Walter Henry Williams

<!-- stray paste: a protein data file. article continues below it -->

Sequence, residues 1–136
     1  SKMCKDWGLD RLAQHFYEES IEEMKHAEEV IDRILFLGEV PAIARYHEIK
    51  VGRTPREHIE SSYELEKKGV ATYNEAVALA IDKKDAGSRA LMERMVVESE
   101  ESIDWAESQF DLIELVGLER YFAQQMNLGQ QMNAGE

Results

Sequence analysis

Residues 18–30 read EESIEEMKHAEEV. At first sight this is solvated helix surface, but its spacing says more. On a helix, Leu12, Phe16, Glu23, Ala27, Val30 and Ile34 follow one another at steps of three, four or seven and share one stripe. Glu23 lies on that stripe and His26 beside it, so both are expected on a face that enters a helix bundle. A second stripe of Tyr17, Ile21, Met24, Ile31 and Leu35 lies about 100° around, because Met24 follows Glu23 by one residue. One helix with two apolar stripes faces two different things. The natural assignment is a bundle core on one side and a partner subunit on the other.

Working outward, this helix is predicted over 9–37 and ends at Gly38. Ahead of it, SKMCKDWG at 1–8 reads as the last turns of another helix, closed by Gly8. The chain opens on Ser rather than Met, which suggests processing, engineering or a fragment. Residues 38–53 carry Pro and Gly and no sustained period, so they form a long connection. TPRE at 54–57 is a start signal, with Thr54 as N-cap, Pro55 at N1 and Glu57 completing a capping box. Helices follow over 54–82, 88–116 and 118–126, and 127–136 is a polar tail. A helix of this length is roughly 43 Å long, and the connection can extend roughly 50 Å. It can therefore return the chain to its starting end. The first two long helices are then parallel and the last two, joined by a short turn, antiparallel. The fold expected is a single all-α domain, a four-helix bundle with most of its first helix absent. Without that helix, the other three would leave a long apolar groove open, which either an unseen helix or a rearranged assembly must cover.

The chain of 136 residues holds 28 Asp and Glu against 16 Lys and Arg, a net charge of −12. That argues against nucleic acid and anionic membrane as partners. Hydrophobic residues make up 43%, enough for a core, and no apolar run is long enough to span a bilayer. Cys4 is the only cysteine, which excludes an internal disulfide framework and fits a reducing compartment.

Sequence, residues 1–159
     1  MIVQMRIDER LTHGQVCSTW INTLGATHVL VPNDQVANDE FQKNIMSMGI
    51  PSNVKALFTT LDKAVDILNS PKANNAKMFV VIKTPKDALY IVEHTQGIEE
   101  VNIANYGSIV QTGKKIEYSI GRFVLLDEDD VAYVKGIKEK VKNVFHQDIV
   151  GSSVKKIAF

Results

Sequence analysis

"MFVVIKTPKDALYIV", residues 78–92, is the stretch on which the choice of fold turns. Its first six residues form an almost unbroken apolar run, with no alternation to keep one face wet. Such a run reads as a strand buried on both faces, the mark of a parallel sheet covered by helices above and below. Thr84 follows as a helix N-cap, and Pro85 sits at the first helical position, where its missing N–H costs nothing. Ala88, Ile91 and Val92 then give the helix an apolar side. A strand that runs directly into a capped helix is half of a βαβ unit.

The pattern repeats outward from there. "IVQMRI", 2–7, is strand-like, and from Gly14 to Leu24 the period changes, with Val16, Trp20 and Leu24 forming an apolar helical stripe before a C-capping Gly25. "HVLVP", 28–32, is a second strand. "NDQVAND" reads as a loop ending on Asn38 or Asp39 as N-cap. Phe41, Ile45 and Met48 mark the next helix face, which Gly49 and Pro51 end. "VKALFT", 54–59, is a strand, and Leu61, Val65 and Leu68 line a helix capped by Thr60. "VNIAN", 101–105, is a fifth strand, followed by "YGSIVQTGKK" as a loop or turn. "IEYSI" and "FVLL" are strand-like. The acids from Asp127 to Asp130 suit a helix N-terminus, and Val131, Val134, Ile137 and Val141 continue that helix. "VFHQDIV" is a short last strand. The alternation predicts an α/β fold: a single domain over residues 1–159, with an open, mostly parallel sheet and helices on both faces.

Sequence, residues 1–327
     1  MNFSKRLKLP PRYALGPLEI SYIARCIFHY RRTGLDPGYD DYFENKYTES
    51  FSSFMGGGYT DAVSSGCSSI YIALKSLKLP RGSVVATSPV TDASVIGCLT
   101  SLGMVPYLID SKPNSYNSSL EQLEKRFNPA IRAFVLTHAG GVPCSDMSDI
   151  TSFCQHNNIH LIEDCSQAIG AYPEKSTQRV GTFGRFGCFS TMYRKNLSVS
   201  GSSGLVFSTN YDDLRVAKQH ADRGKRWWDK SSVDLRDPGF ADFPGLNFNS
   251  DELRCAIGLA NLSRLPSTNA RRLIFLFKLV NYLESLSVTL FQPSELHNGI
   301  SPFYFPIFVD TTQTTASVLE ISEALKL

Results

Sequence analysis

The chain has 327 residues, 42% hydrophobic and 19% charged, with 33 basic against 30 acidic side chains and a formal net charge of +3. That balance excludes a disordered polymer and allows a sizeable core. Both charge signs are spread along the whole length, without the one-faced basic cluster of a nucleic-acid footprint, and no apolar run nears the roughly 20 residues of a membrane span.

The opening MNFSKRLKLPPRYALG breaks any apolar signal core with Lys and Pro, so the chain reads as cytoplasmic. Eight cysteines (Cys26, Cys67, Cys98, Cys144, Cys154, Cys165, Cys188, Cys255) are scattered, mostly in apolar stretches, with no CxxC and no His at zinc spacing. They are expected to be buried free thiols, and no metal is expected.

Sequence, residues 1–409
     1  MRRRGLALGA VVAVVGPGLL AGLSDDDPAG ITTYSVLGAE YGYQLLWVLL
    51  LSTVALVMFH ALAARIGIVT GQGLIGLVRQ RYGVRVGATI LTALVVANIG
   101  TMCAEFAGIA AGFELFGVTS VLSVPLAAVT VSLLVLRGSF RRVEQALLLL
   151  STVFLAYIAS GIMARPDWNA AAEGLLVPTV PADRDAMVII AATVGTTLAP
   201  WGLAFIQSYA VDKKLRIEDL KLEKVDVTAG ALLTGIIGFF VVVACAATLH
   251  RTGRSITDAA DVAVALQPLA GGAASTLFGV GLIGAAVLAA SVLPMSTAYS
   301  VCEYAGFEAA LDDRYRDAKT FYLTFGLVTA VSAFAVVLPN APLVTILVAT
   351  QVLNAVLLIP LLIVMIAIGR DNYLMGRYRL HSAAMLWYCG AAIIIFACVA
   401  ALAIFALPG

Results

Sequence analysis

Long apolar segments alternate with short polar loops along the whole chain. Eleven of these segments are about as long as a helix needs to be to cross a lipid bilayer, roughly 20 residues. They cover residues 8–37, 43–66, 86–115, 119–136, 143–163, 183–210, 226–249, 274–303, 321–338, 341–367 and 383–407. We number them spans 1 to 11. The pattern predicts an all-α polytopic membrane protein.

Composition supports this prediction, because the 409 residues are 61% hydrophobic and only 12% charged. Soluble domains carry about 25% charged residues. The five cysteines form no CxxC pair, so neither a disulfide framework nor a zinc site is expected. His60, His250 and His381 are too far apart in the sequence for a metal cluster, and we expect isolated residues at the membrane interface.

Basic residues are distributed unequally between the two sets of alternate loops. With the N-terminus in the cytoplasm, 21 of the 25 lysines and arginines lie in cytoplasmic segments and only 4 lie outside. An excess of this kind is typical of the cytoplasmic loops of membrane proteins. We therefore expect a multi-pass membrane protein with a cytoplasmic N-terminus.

Walter Henry Williams was an African American artist who became well versed in painting, printmaking, and sculpting. Born in Brooklyn, New York, he lived with his mother who encouraged his art career. At the age of five, Williams mother died of pneumonia and his father who was very strict and authoritative took custody. These changes caused the artist to become very withdrawn from those around him and led him to live in a dream world he thought up in his head. Going to pool halls, clubs, and jukebox joints in Harlem, Williams met artists who inspired him to become a painter. Before he could do so, he was drafted in the Army from 1942- 1945 where he was employed to bury soldiers– some of whom he witnessed being buried alive. The events of his childhood and Army experience contributed towards a pattern of depression and alcoholism throughout his life. Under the G.I. bill, Walter Henry Williams was able to attend the Brooklyn Museum Art School in 1951. Two years later, he participated in his first group exhibition for “Whitney’s 1953 Annual Exhibition of Contemporary American Painting” and studied at the Skowhegan School of Painting and Sculpture in Maine. When he graduated in 1955, Williams recieved the John Hay Whitney Foundation fellowship and used the money to travel to Denmark. Previously, his artwork showed urban scenes of isolation but following his travels he showed Black children playing in the countryside and beautiful scenery. Eventually, he made his way back to North America and traveled often between the United States and Mexico. He enjoyed going to Mexico due to the strained racial climate in the United States and while there, painted pieces of Mexican monuments. He eventually married a Danish women, they experienced so much backlash regarding their interracial marriage that they permanently moved to Denmark and eventually got his citizenship. The last exhibition he completed before his death was at the International Art Fair in Tokyo, Japan. On June 13, 1998, Walter Henry Williams passed away due from liver cancer.